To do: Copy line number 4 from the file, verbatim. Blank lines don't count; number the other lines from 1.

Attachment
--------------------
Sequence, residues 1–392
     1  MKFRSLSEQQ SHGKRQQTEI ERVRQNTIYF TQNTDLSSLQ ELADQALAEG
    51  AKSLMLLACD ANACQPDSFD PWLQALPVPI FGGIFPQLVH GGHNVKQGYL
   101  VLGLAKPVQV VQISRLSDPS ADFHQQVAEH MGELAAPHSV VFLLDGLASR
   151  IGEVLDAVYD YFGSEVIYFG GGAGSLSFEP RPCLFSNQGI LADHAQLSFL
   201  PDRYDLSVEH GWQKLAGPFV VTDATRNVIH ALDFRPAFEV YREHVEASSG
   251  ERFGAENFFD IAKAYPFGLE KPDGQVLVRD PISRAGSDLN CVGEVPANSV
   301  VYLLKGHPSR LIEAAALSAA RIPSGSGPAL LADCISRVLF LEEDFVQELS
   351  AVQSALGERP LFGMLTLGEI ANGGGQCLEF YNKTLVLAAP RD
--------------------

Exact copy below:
   101  VLGLAKPVQV VQISRLSDPS ADFHQQVAEH MGELAAPHSV VFLLDGLASR